A SwiftUI DocumentGroup Tutorial

The previous chapter provided an introduction to the DocumentGroup scene type provided with SwiftUI and explored the architecture that makes it possible to add document browsing and management to apps.

This chapter will demonstrate how to take the standard Xcode Multiplatform Document App template and modify it to work with image files instead of plain text documents. On completion of the tutorial, the app will allow image files to be opened, modified using a sepia filter and then saved back to the original file.

Creating the ImageDocDemo Project

Begin by launching Xcode and create a new project named ImageDocDemo using the Multiplatform Document App template.

Modifying the Info.plist File

Since the app will be working with image files instead of plain text, some changes need to be made to the type identifiers declared in the Info.plist file. To make these changes, select the ImageDocDemo entry at the top of the project navigator window (marked A in Figure 40-1), followed by the ImageDocDemo (iOS) target (B) before clicking on the Info tab (C).

Figure 40-1

Scroll down to the Document Types section within the Info screen and change the Types field from com.example. plain-text to com.ebookfrenzy.image:

Figure 40-2

Next, locate the Imported Type Identifiers section and make the following changes:

  • Description – Example Image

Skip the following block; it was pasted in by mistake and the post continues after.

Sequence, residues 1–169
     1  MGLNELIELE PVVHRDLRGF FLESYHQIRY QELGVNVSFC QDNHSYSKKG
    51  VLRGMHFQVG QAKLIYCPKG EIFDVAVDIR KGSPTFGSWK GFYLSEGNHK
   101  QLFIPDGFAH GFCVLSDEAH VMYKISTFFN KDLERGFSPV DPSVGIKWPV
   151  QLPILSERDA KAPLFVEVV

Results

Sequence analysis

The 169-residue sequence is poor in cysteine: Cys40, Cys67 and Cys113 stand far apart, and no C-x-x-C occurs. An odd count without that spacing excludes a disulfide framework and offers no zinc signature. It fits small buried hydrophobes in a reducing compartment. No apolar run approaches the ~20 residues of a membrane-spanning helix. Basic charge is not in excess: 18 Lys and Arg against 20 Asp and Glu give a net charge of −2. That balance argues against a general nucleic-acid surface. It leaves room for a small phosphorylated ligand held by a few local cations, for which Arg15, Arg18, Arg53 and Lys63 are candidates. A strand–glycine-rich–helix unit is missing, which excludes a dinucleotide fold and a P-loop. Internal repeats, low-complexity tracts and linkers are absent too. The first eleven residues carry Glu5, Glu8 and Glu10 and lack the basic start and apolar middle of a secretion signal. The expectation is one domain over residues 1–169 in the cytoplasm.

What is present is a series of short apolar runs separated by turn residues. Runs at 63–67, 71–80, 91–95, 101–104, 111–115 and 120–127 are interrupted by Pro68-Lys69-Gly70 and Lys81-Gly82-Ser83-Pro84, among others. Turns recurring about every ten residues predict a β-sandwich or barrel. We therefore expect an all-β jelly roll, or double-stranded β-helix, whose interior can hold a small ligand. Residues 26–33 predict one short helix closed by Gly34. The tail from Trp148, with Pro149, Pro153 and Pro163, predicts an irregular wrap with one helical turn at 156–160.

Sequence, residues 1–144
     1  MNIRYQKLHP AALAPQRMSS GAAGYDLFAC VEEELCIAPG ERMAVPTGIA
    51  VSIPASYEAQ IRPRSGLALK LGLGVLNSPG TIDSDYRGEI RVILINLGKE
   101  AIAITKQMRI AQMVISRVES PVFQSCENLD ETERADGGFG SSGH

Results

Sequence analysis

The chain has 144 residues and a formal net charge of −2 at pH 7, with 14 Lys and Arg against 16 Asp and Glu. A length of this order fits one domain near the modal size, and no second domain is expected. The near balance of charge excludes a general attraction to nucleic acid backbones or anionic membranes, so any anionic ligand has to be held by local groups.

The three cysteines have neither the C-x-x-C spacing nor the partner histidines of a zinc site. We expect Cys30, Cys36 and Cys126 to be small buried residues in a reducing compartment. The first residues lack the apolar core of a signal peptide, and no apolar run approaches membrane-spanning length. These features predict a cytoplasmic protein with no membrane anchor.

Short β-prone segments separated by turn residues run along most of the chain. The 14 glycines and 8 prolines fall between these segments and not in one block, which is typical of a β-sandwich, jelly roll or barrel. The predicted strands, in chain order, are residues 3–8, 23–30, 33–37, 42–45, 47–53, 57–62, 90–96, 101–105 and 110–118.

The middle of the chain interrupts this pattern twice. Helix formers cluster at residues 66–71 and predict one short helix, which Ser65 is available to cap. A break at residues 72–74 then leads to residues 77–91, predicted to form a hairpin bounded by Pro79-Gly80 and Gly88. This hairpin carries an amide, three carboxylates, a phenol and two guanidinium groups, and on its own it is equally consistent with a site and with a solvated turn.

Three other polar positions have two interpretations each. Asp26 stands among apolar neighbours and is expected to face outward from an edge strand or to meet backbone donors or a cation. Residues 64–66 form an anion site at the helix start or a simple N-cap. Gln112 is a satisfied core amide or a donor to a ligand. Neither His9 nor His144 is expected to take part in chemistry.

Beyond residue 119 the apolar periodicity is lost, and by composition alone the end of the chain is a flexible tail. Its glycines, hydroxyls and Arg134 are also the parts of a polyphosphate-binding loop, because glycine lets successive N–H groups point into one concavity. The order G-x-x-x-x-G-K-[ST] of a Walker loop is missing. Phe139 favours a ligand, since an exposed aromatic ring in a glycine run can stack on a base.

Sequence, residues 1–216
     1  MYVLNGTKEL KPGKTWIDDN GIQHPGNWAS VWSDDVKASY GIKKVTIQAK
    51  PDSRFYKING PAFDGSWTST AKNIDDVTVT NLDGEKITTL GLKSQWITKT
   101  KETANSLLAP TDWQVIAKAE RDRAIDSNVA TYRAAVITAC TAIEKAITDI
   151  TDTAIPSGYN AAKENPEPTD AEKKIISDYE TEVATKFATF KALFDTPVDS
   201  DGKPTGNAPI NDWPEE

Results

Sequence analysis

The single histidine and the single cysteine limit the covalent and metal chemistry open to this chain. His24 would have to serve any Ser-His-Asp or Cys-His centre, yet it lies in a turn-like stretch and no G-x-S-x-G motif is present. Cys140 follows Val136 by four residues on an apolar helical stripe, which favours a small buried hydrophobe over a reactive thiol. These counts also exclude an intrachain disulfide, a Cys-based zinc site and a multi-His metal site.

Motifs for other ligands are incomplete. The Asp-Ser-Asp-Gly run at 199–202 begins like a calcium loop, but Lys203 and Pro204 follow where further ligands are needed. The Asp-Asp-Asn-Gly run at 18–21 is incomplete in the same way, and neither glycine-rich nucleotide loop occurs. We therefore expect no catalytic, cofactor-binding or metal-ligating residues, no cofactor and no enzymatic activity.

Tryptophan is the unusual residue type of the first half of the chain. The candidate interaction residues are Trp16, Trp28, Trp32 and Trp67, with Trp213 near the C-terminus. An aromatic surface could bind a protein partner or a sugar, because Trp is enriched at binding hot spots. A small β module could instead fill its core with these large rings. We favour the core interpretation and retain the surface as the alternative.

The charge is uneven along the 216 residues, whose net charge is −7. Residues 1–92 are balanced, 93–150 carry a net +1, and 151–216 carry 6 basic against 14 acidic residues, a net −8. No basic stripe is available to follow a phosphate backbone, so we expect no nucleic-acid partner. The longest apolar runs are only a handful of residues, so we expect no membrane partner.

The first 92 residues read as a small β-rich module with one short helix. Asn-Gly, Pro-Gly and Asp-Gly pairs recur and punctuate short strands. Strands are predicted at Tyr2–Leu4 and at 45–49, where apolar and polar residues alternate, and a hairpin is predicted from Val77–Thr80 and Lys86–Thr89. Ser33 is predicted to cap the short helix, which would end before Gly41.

• Identifier – com.ebookfrenzy.image
  • Conforms To – public.image
  • Extensions – png

Once these changes have been made, the settings should match those shown in Figure 40-3:

Figure 40-3

Adding an Image Asset

If the user decides to create a new document instead of opening an existing one, a sample image will be displayed from the project asset catalog. For this purpose the cascadefalls.png file located in the project_images folder of the sample code archive will be added to the asset catalog. If you do not already have the source code downloaded, it can be downloaded from the following URL: https://www.ebookfrenzy.com/retail/swiftui-ios14/

Once the image file has been located in a Finder window, select the Assets.xcassets entry in the Xcode project navigator and drag and drop the image as shown in Figure 40-4:

Figure 40-4

Modifying the ImageDocDemoDocument.swift File

Although we have changed the type identifiers to support images instead of plain text, the document declaration is still implemented for handling text-based content. Select the ImageDocDemoDocument.swift file to load it into the editor and begin by modifying the UTType extension so that it reads as follows:

extension UTType {
    static var exampleImage: UTType {
        UTType(importedAs: "com.ebookfrenzy.image")
    }
}

Next, locate the readableContentTypes variable and modify it to use the new UTType:

static var readableContentTypes: [UTType] { [.exampleImage] }

With the necessary type changes made, the next step is to modify the structure to work with images instead of string data. Remaining in the ImageDocDemoDocument.swift file, change the text variable from a string to an image and modify the first initializer to use the cascadefalls image:

.
.
struct ImageDocDemoDocument: FileDocument {
    
    var image: UIImage = UIImage()
 
    init() {
        if let image = UIImage(named: "cascadefalls") {
            self.image = image
        }
    }
.
.

Moving on to the second init() method, make the following modifications to decode image instead of string data:

init(configuration: ReadConfiguration) throws {
    guard let data = configuration.file.regularFileContents,
          let decodedImage: UIImage = UIImage(data: data)
    else {
        throw CocoaError(.fileReadCorruptFile)
    }
    image = decodedImage
}